Commuting Is a Drag (on the Economy)

And in news you may feel intuitively I present the following article:

“Ron Rogers gets behind the wheel of his Acura Integra before dawn in Brentwood, Calif. His iPod, loaded with stand-up comedy and audio books, is hooked up to the car stereo.

Rogers needs plenty of audio material for his commute: He drives more than 90 miles — roughly two hours each way — from the San Francisco Bay Area to his job as a public relations specialist at a communications technology firm in suburban Sacramento.

Rogers is one of the 3.4 million workers that the Census Bureau has dubbed “extreme commuters.” At least 2 percent of Americans wake up to a commute of 90 minutes or more one way. Not surprisingly, most of these workers live near major metropolitan centers: New York, New Jersey, Maryland, California, and Washington, D.C., have the most workers with extreme commutes.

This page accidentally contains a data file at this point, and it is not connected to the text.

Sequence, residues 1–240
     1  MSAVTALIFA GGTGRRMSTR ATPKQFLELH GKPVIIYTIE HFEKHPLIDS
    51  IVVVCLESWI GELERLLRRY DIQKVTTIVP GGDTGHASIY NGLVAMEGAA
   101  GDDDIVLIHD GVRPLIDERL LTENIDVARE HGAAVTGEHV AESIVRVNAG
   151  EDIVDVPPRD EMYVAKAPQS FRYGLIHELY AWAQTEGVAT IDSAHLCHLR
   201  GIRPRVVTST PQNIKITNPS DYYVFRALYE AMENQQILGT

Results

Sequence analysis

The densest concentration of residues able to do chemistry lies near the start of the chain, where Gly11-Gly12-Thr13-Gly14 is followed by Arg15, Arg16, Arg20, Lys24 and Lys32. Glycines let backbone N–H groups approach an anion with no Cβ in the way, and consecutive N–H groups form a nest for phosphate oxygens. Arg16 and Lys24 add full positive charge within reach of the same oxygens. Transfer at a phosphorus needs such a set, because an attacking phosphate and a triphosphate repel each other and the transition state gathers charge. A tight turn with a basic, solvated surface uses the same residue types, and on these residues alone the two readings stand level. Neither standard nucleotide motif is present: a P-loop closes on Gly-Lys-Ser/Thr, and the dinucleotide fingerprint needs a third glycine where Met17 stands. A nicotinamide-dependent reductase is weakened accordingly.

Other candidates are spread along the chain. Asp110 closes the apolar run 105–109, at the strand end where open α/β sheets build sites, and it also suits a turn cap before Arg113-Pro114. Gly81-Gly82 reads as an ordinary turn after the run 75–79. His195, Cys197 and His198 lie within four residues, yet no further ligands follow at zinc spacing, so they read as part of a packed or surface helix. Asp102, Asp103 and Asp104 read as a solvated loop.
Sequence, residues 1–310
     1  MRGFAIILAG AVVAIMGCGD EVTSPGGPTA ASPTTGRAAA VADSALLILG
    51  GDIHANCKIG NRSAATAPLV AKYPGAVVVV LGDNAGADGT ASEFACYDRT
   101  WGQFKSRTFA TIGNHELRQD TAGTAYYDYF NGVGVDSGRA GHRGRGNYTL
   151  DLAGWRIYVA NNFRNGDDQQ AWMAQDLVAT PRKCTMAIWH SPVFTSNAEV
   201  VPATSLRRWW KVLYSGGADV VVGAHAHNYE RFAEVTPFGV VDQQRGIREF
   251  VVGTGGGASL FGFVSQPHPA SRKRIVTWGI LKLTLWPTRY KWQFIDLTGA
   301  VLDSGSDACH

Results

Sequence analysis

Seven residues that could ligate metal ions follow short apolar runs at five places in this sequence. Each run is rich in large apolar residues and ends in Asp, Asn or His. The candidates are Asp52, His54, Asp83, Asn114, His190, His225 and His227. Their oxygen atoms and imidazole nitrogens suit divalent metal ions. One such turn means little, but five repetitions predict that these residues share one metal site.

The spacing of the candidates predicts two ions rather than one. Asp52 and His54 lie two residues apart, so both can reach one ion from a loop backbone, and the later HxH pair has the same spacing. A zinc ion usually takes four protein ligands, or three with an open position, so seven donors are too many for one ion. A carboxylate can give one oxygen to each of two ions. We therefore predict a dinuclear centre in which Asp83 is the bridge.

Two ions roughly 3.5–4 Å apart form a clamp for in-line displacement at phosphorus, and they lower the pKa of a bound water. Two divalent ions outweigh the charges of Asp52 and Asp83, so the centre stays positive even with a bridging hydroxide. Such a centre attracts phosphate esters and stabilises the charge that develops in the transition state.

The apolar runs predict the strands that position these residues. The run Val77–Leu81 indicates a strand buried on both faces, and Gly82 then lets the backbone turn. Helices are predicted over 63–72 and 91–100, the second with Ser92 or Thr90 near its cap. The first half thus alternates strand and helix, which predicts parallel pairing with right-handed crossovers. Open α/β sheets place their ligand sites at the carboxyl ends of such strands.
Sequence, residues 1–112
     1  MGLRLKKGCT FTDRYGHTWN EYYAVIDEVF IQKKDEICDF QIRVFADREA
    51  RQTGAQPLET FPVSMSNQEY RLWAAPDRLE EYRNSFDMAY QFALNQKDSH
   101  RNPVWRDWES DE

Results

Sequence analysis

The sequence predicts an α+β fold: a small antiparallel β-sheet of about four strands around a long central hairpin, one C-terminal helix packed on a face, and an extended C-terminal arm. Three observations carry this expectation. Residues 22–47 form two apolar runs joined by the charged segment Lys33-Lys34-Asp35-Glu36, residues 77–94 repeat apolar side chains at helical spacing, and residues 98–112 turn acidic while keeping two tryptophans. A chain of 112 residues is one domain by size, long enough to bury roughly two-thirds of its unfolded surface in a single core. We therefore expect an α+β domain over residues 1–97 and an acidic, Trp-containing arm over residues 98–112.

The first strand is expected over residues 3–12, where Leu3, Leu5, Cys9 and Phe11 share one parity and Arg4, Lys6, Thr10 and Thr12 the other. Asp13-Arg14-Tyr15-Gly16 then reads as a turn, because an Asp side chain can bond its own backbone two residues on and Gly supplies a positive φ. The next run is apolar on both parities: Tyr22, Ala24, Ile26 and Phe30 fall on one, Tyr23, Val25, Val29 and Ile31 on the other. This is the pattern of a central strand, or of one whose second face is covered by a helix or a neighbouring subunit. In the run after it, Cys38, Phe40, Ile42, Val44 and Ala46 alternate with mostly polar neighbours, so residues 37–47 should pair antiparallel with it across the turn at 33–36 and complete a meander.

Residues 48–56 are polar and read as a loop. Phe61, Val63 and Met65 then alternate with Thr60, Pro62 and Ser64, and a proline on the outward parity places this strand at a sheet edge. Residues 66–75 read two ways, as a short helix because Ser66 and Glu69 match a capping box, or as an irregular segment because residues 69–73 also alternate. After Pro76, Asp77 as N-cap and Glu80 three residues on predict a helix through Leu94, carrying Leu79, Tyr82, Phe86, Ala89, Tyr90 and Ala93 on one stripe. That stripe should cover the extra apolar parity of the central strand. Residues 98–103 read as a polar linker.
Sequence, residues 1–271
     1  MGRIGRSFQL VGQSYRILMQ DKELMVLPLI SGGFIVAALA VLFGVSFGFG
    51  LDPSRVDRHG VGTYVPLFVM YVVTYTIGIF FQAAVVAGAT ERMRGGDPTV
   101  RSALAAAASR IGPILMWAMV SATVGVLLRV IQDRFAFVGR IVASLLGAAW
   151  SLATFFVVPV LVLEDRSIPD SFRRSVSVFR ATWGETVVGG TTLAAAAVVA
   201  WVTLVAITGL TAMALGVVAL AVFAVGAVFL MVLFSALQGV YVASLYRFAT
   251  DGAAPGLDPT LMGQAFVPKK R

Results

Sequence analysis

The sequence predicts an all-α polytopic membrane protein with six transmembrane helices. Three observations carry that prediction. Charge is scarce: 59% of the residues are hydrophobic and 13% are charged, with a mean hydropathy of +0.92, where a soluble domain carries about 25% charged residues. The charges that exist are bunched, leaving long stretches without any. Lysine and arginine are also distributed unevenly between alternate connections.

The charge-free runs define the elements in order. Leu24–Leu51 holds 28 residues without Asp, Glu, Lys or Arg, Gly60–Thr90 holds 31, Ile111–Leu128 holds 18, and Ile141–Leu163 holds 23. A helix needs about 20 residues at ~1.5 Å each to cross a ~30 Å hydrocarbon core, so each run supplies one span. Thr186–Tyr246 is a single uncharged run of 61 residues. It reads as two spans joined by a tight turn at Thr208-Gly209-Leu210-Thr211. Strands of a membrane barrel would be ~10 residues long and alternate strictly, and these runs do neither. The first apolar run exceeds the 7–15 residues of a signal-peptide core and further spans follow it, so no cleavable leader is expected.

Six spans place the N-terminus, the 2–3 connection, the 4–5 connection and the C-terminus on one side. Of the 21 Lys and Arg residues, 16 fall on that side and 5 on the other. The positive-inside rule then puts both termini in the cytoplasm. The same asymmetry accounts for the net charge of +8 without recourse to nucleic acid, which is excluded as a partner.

The number of super-commuters nationwide has skyrocketed 95 percent since 1990, as workers hang on to lucrative jobs in city centers but move farther and farther afield in search of better housing, low crime, and good schools.

Too Much of a Bad Thing

Unfortunately, commuting is a bitter pill that rarely gets easier to swallow. Researchers have found that people have the capacity for “hedonic adaptation” — in laymen’s terms, the ability to adjust to extreme circumstances, both happy and unhappy.

For instance, classic studies of lottery winners and paralyzed accident victims found only small differences in life satisfaction between these groups and control subjects. But certain experiences — living near a noisy highway, for example — become more aggravating over time, something scientists call “sensitization.” Commuting falls into this category.”

Once upon a time I commuted 36 miles each way. It was just peachy. I remember sitting on the 405 for hours. The one thing that it was really good for was people watching. You just never knew what you’d see next.

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